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How to beat India’s cash crunch

India's poor struggle amid cash crisis

Last week’s shock ban on India’s two biggest banknotes came at a particularly bad time for anyone getting married.

The country’s wedding season reaches its peak this month and next, and most are paid for in cash. Tough limits on withdrawals of new 500 and 2,000 rupee notes were causing havoc.

Now there’s relief for millions of happy couples: The government on Thursday relaxed those limits for people with a wedding in the family. They will be allowed a one-time withdrawal of 250,000 rupees ($3,700) — more than 10 times the current weekly limit of 24,000.

“It can be withdrawn either from the account of the father or the mother… or those who are getting married,” Shaktikanta Das, a senior official in the finance ministry, said in a statement.

The catch? Only one withdrawal per family will be allowed, and officials will require the person making it to sign a declaration to that effect.

India witnesses a sharp spike in the number of weddings every November and December, a period Hindus believe is a good time to get married. An estimated 10 million weddings take place in India every year, and they tend to be elaborate affairs often costing thousands of dollars.

Related: One bank’s response to India’s cash crisis: an ATM bus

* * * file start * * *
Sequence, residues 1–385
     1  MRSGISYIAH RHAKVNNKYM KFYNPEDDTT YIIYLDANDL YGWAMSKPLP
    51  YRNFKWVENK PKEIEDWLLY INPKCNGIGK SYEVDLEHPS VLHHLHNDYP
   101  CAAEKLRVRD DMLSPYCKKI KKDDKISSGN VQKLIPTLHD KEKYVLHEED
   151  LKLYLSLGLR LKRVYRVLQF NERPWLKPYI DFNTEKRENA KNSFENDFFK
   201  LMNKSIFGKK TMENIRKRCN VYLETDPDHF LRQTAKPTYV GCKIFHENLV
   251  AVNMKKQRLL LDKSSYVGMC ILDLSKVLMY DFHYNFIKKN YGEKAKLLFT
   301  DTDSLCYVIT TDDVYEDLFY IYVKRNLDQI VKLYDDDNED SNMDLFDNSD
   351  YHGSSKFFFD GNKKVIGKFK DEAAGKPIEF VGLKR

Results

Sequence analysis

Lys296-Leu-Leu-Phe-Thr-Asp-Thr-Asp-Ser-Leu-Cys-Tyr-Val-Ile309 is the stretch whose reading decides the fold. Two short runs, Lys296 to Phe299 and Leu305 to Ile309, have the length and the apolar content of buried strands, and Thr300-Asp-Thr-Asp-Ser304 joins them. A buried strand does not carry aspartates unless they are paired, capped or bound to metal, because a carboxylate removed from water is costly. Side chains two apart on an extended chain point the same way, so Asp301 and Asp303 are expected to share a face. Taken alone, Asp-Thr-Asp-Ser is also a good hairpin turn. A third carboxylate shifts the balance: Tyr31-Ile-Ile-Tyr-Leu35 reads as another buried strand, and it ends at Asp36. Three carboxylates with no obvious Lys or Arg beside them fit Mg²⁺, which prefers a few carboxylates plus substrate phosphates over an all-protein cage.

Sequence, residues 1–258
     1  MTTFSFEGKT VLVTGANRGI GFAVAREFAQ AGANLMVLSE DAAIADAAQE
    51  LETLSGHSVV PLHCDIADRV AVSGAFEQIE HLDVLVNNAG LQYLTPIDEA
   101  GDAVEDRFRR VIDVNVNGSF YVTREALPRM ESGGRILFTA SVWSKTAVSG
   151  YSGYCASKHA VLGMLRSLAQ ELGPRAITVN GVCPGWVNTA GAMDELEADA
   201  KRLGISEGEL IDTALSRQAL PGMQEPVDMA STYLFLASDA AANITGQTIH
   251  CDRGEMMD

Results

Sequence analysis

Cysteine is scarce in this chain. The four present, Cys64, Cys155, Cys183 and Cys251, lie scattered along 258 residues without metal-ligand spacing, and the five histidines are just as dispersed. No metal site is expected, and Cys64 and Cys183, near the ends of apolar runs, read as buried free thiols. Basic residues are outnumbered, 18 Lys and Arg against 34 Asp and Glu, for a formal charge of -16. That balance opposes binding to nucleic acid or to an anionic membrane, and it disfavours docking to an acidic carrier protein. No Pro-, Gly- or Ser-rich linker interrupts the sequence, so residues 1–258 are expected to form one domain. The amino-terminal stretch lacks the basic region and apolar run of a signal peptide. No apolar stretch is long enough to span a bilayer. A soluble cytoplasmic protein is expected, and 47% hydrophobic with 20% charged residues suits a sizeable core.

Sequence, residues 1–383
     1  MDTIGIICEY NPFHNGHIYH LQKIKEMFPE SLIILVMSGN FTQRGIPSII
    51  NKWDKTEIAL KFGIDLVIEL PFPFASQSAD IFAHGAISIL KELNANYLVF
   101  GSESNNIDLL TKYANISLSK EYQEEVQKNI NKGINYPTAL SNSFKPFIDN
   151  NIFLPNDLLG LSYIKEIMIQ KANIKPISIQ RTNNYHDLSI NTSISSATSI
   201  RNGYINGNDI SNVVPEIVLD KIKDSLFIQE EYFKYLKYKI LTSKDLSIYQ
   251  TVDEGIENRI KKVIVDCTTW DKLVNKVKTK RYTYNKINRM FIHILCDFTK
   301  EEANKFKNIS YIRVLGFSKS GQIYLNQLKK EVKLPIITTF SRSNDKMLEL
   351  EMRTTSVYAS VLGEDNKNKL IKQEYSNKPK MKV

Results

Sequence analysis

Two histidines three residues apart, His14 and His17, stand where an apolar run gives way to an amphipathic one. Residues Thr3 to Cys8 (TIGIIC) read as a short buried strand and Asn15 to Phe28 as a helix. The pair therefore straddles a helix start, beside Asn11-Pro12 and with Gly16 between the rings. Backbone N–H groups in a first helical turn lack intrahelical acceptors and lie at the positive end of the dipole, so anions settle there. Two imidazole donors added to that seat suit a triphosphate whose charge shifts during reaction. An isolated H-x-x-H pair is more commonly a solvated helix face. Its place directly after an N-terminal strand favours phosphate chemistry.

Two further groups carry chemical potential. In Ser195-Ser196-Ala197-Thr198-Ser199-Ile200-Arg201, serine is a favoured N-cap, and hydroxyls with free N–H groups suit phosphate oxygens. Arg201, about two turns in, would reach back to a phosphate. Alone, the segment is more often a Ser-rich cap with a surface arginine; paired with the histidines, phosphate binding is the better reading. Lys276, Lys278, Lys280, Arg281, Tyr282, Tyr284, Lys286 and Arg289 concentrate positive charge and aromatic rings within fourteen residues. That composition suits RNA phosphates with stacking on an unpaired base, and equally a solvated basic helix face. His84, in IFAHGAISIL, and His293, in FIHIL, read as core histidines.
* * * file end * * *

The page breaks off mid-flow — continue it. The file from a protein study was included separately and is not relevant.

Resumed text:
As with over 90% of transactions in India, everyone from musicians to caterers at the lavish ceremonies are usually paid in cash.

Prime Minister Narendra Modi’s Nov. 8 announcement that 500 and 1,000 rupee notes would immediately be discontinued — a move to combat corruption and tax evasion — threatened to put the brakes on much impending marital bliss.

india tycoon wedding
Indian mining tycoon Gali Janardhan Reddy reportedly spent $75 million on his daughter’s wedding this week.

When Hemant Kumar spoke to CNN last week, he was fretting over how to pull off his son’s wedding the next day. The 4,000 rupee daily limit on trading in old notes (now reduced to 2,000 rupees), was nowhere near enough.

Raj Kumar (no relation) also said he was struggling to make payments for his sister’s upcoming wedding at the end of the month.

“Maybe… Narendra Modi will do something,” he told CNNMoney last week.

But with banks and ATMs witnessing huge lines and cash shortages for the eighth straight day, getting the money out will still be a challenge.

And the cost of many Indian weddings will far exceed the new relaxed limit. One particularly extravagant five-day affair in southern India this week, the wedding of a mining tycoon’s daughter in Bangalore, reportedly cost about $75 million — including over 3,000 bouncers and samba dancers flown in from Brazil.